One of the most common misconceptions about the Philippines is that one man alone decides the country’s foreign policy. Since his ascent to the presidency last year, Rodrigo Duterte has sought to revamp the Philippines’ external relations with sound and fury. Vowing an “independent” foreign policy, which “will not be dependent on the United States,” Duterte has tried to recast Manila’s relations with foreign powers, particularly Washington and Beijing.

Colorful, audacious, and highly unorthodox, Duterte has captured the attention of the world like no other Filipino president. He is often portrayed as a larger-than-life character, an unhinged demagogue with an unshakable hold over the Philippine political system. A more nuanced analysis, however, reveals a more fluid and indeterminate picture, where varying factions with diametrically-opposed strategic mindsets jostle over the formulation of the country’s foreign policy.

While Duterte is primarily interested in reviving economic ties with China, particularly in the realm of large-scale infrastructure investments, the Philippine security establishment—composed of veteran generals, diplomats, and political figures with more orthodox views—continues to view Beijing with deep suspicion. At the same time, Duterte seeks to recalibrate the Philippines’ military alliance with America, while his generals hope to maintain full-spectrum security cooperation with Washington.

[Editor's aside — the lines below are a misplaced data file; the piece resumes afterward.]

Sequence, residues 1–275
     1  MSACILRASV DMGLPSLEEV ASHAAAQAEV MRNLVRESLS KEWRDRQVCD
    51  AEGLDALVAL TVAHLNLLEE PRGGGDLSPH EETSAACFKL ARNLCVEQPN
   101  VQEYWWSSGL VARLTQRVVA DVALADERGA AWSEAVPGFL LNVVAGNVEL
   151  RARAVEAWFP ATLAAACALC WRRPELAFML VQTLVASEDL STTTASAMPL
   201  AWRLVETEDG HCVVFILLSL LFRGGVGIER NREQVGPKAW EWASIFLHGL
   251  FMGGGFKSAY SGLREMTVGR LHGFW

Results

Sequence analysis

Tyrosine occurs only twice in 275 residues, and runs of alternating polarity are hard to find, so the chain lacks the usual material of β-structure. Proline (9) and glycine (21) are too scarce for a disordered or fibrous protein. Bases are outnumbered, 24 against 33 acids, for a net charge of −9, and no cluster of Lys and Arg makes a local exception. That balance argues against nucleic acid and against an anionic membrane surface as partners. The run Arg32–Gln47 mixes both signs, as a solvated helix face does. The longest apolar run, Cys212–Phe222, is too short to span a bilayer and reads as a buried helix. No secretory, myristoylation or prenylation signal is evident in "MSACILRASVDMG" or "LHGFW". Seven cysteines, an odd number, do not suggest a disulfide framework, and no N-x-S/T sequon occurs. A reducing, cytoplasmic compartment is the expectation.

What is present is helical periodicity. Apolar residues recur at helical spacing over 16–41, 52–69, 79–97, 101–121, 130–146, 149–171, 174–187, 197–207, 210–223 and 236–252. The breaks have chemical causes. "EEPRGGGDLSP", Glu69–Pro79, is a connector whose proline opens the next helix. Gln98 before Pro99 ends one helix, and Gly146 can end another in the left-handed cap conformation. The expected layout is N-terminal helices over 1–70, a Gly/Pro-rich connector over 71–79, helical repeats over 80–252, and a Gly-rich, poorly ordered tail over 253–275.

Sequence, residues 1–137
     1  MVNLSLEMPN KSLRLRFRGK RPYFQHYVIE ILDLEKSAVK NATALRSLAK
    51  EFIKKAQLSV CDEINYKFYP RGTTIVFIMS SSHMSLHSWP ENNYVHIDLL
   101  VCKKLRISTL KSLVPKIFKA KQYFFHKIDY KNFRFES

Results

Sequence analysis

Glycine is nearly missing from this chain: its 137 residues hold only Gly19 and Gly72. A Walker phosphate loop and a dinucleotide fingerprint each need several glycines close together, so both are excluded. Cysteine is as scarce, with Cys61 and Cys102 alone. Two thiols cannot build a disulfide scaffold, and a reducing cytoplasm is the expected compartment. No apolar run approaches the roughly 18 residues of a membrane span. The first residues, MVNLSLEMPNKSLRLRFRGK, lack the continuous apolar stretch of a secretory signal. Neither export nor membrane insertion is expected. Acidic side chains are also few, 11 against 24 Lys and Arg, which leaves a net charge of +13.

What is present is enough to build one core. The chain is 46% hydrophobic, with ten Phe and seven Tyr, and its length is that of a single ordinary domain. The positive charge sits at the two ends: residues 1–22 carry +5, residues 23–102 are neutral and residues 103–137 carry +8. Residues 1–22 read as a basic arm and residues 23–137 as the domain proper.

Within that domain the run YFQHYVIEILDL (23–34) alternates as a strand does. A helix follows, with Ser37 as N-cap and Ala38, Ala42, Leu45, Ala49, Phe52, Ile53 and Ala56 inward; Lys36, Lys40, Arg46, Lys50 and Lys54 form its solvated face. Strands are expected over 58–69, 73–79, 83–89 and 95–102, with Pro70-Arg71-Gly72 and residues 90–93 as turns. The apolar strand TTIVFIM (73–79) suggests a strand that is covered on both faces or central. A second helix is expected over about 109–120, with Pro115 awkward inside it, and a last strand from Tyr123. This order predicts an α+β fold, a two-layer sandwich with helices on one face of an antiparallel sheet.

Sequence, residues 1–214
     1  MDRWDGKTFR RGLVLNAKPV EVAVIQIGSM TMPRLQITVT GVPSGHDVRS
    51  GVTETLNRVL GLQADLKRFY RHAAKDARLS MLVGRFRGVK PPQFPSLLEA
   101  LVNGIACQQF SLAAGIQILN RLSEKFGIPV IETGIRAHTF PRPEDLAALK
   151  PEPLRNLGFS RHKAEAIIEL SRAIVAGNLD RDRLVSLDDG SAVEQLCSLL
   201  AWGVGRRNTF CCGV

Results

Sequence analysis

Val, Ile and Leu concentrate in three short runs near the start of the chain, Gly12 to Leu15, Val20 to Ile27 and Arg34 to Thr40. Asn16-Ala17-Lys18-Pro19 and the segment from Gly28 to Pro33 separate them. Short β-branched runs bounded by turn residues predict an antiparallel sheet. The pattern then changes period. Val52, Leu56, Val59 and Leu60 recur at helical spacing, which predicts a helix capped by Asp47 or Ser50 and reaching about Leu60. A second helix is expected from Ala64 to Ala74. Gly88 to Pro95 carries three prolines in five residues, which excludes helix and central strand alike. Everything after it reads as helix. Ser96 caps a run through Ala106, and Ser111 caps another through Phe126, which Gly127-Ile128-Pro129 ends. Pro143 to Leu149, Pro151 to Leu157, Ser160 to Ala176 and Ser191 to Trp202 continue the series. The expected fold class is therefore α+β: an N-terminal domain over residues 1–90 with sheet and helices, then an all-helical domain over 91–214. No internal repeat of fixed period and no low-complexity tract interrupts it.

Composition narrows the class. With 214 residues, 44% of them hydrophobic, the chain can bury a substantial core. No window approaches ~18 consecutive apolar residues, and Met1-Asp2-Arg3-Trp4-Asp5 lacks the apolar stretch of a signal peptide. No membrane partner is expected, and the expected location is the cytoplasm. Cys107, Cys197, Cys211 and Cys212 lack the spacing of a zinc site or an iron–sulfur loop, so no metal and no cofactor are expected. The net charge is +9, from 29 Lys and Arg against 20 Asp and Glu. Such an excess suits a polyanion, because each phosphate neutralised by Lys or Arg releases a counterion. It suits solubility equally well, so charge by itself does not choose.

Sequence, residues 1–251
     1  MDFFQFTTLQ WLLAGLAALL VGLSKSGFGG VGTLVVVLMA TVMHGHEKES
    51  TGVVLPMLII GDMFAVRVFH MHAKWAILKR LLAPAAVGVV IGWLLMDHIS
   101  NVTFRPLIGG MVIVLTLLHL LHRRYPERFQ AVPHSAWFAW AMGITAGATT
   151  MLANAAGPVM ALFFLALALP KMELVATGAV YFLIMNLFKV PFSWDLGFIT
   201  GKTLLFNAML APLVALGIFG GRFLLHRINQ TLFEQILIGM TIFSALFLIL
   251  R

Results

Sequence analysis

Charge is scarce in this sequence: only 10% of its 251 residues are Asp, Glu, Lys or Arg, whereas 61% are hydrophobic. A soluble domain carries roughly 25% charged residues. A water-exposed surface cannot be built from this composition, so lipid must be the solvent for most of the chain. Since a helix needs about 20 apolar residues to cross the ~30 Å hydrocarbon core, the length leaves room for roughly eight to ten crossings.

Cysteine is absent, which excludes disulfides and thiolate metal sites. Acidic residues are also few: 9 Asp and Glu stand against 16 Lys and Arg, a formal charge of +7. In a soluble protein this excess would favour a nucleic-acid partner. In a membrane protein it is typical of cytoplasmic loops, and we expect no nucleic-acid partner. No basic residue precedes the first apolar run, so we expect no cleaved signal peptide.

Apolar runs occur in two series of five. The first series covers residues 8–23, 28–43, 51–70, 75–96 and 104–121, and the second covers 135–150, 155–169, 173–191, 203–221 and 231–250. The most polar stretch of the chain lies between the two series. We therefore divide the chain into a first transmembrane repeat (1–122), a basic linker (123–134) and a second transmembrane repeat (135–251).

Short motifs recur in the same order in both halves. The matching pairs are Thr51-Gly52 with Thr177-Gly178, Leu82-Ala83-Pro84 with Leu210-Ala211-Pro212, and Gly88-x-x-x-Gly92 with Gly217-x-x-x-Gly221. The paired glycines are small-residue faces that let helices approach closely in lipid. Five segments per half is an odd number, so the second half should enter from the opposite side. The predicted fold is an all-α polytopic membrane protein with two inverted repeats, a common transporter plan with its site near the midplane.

Unfollow the Leader

Observers often attribute contradictory statements from the Duterte administration to the natural byproduct of having such a notoriously mercurial character as commander-in-chief. What this conventional strand of analysis misses is the fact that Duterte and his generals are in a constant low-intensity struggle over shaping the Philippines’ policies on sensitive territorial and strategic issues.

One of the most explicit manifestations of the highly fluid nature of Philippine foreign policy, and the ferocity of the internal debates, is the recent back-and-forth between Duterte and top defense and diplomatic officials over relations with China. Barely two months after Japanese prime minister Shinzo Abe’s high-profile visit to the Philippines, where he offered a multi-billion-dollar aid and investment package, Beijing doubled-down on its economic charm offensive.

After offering a $200 million aid package, Beijing deployed two senior officials, Commerce Minister Zhong Shan and Vice Premier Wang Yang, to court the Philippines’ goodwill by offering multiple large-scale infrastructure investment deals, including on Duterte’s home island of Mindanao. Overwhelmed by China’s generous pledges, Duterte, with uncharacteristic sentimentality, personally thanked Chinese president Xi Jinping and Beijing for “loving [the Philippines] and helping [his country] survive the rigors of this life.”

Almost immediately after, Defense Secretary Delfin Lorenzana sounded the alarm in Manila over suspicious Chinese activities in the Benham Rise, part of the Philippine extended continental shelf in the Pacific, despite the fact that these activities had occurred months earlier. Philippine defense officials raised the possibility that China may have been engaged in illegal oceanographic research to canvass seabed resources and assess the prospects of stationing submarines in the area, which largely falls under the exclusive jurisdiction of the Philippines.